5. Bob Pearson on January 23, 2017 at 7:42 am

    We have banked with PC Financial since it opened. We love the fact there are no charges for anything, including cheques, debit, etc
    We keep our investments at Scotia since many ETFs are traded for no cost.
    It is not difficult to switch from one bank or account to another. It is just an online thing now, very quick and very convenient.
    I cannot see a reason for paying any bank charges now.

  6. Wes Philips on January 23, 2017 at 12:07 pm

    Hi Robb,

    We all know that banks are in the business to make money for their shareholders.
    They nickle and dime us ordinary ‘savers’ for anything to do with our accounts.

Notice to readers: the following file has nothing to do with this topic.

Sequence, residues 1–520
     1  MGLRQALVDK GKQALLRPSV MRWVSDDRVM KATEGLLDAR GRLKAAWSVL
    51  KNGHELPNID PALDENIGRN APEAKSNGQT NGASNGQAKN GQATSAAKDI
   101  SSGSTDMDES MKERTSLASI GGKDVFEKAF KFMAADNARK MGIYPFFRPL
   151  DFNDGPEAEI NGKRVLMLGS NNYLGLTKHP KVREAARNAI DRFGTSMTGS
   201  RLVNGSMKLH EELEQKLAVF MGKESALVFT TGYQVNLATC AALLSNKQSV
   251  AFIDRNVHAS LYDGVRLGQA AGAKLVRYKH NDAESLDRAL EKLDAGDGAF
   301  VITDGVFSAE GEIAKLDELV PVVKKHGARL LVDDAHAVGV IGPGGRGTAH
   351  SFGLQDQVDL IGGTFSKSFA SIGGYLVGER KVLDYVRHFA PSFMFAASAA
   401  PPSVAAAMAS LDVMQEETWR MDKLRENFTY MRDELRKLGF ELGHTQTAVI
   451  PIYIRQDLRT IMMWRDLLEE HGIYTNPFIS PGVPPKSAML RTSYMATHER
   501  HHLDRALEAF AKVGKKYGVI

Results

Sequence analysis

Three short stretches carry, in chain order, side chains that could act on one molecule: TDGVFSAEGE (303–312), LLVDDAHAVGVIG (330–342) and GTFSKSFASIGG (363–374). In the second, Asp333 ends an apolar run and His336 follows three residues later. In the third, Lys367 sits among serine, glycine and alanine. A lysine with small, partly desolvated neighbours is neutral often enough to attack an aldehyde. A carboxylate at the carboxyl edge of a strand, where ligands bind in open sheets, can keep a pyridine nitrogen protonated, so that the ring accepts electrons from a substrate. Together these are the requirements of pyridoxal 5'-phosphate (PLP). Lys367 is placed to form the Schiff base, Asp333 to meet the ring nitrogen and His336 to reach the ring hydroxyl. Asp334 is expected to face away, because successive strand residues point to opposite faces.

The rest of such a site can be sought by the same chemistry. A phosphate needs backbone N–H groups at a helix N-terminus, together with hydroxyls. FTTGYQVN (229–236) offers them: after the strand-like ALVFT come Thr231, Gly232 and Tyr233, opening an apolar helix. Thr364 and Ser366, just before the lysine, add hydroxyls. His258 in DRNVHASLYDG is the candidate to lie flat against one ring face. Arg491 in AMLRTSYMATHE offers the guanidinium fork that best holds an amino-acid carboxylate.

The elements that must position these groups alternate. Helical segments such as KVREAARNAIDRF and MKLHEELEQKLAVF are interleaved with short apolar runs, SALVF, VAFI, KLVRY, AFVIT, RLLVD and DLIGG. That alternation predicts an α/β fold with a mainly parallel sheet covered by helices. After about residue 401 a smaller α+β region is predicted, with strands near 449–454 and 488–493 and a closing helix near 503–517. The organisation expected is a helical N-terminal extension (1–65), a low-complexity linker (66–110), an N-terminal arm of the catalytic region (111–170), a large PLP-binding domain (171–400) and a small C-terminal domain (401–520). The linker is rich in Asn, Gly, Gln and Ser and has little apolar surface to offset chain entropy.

We do all our banking transactions online and the ATM ways but we still get charged with the service and maintenance fees on the transaction and our accounts right into our ‘senior’ years.
    We got irritated at the ‘unexplained’ fees that kept appearing in our statement we decided to go in and talk to our branch manager for an explanation. She couldn’t find any good reason to give to us but through checking in into our banking records, she noticed that we had become ‘seniors’ and changed our accounts to the Senior Plan where there won’t be any maintenance fees charged on the accounts.
    So, I agree with you that we should always ask them for these ‘special’ hidden deals.
    We also have adopted the idea of ‘ Don’t get mad, get even ‘ at all these businesses that charge us fees for doing business with them by owning shares of the companies. That way we get back our money from the dividends they pay monthly or quarterly from becoming ‘part owners’ of the companies. Very satisfying indeed.